Step 5: Optimize and look at the result

The next step is then to optimize the strategy. This is a part of walk forward analysis, brute force parameter optimization but also a more detailed definition of trading logic. There is a lot of statistical analysis going on at this stage.

Step 6: Check defined special time intervals for behavior in specific market conditions

We have a list of predetermined time intervals that are then manually checked for trades. These are either “signature” trading periods (days the stock market went only in one direction) or dates of abnormal market behavior. Regardless of the financial outcome, we want to know that the strategy trades made sense in these dates.

Step 7: Refine trading logic as needed

Finally. The second development iteration starts. Yes, the strategy is nice and dandy, but maybe the trading logic can be optimized. Not the parameters. Maybe it is time to add a timeout to trades and close loosing trades after some time? Maybe it is better to limit trading hours and only trade during a specific time of the day. This is a lot of iterations – and all starting with a repeat of step 4 or 5. This takes time – both, human (for development) as well as technical (optimizing capacity in our data center). There are not too many optimization here, but a lot of back tests as various approaches to the trading rules are tried out and analyzed in the various market conditions. Obviously – this is the moment one can make big mistakes and fall into the trap of curve fitting.

Step 8: Implement walk forward analysis

The next step is now to move towards a formal walk forward analysis. The strategy has proven to be worth the effort. In our case this means it gets a simulation identifier assigned, so that we can store the back testing and optimization results long term. Our analysis is very database driven, meaning that we generate literals hundreds of gigabytes of data per day. Until now, the strategy back testing results were not considered worth keeping – now we move the simulation to a more sophisticated and long term part of our framework. As Pardo points out in his book about strategy development found out – Walk Forward Analysis is processor intensive. In our case – we need to rerun it weekly. But – we also have the infrastructure in place to update the data with just the next week of simulation results.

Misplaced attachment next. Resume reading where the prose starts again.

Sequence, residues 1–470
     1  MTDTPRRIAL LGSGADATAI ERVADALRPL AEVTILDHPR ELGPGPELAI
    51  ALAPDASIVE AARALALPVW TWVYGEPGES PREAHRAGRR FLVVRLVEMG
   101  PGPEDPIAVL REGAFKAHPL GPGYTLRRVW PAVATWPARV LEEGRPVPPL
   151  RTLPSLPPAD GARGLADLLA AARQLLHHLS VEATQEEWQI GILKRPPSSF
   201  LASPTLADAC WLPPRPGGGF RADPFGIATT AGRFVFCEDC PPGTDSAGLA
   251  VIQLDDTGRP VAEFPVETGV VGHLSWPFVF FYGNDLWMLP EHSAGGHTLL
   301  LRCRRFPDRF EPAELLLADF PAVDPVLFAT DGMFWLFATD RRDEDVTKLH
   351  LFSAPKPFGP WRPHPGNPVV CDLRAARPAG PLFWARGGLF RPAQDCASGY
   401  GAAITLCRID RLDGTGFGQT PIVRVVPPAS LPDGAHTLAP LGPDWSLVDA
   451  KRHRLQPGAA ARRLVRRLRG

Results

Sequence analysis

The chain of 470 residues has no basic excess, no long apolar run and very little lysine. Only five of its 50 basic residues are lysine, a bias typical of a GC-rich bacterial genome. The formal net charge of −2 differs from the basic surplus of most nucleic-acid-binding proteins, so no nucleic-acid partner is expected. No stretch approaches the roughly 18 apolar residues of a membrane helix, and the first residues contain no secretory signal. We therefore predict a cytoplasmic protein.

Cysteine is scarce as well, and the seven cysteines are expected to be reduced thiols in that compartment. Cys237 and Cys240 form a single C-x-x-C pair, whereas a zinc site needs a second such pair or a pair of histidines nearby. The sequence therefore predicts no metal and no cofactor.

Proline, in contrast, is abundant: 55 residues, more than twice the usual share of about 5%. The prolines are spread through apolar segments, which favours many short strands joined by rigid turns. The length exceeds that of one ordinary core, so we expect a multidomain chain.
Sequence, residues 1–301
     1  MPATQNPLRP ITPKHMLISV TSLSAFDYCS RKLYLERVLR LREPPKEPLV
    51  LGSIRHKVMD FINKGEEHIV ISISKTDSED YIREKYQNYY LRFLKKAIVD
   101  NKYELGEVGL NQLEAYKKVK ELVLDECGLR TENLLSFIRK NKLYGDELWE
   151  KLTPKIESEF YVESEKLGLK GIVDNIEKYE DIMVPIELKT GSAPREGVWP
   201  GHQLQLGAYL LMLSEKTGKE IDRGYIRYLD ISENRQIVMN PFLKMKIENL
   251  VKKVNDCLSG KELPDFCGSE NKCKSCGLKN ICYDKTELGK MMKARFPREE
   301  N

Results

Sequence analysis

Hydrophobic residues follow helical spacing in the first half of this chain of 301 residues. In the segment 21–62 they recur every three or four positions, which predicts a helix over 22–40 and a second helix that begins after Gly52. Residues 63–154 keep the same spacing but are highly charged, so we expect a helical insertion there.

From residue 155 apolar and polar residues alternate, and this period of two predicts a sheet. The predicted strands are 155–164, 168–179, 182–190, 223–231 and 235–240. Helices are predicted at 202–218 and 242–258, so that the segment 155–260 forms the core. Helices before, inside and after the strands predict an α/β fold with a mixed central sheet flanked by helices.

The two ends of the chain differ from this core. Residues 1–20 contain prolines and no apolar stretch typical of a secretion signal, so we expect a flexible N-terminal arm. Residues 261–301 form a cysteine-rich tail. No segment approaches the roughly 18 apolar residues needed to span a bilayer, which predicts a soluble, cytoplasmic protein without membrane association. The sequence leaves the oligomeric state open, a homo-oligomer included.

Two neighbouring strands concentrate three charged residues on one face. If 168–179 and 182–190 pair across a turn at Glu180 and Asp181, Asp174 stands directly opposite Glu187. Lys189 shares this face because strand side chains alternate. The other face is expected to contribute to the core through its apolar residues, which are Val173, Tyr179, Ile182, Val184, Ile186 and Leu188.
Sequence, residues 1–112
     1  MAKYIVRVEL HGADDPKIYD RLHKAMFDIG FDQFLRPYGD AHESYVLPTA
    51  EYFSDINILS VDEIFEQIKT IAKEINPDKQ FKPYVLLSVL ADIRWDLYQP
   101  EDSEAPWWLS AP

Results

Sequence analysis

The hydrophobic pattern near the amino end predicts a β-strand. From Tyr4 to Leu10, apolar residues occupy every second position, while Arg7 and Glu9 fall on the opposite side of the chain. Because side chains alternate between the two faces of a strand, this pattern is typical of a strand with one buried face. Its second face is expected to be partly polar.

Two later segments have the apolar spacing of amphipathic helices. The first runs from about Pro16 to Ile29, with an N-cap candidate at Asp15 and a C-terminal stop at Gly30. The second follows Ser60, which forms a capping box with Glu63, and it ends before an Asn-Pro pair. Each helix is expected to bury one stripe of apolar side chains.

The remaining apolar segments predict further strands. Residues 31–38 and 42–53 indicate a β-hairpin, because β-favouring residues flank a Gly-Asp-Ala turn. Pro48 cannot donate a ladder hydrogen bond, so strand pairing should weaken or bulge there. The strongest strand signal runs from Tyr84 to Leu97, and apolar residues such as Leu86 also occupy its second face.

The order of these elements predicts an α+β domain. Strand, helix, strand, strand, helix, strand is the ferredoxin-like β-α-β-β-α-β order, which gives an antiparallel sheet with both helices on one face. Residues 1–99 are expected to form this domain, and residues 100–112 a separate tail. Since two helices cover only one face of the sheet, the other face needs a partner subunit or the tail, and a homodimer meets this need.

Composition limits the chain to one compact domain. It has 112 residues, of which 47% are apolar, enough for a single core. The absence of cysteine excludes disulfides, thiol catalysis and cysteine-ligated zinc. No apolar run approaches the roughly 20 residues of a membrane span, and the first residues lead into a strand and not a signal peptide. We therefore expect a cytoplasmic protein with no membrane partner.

Step 9: Paper-Trade the strategy in real time

The final step now is to move the strategy forward into what we call staging. In this level a strategy is trading against a simulator in real time for some timeframe until we are comfortable all back tested results are validated. In case of Forex this may (fast) result in the strategy trading a very small account real money (Oanda allows trading down to 1 USD / 1 EUR), so the financial risk of a real money test is extremely low. We will also run back tests for these periods and compare the trading results, validating that the expectations of the back test are realistic. If, for example, we get significant different executions than in the back test, this will be investigated.

And then – it is time to put real money on the table

Once 2-3 months have passed, the strategy is then ready to get real money allocated. For us, this does not mean it will be traded, but it means that we will now try to integrate the strategy into a strategy portfolio so that it can get money – because we always trade groups of strategies. Depending on how good the strategy looks, and how well it fits with its characterization, it may now move to real money relatively fast.

Where is the secret to get hundreds of good setups?

Simple. Hard work. 80 strategies in 4 markets are 320 good setups, with all parameters. They also likely are another 150 strategies that get eliminated early. At the end, it is about having a lot of diverse ideas (which can be simple – and the internet is full of them) and then sitting down and doing these steps. One after the next. A good infrastructure helps – we manage terabyte of back testing results (our current capacity is 3000 GB) and have no problem keeping nearly 200 cores permanently busy running back tests. Something we could not do on most retail software. But it also takes a focused approach – one just has to run one setup after the next through the whole sequence of steps. Hard work – both by humans and a computer – are needed to come up with working solutions.